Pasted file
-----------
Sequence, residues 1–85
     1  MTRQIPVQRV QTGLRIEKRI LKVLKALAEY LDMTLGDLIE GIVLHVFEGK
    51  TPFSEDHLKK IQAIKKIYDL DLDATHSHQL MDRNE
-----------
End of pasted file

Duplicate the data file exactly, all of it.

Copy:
Sequence, residues 1–85
     1  MTRQIPVQRV QTGLRIEKRI LKVLKALAEY LDMTLGDLIE GIVLHVFEGK
    51  TPFSEDHLKK IQAIKKIYDL DLDATHSHQL MDRNE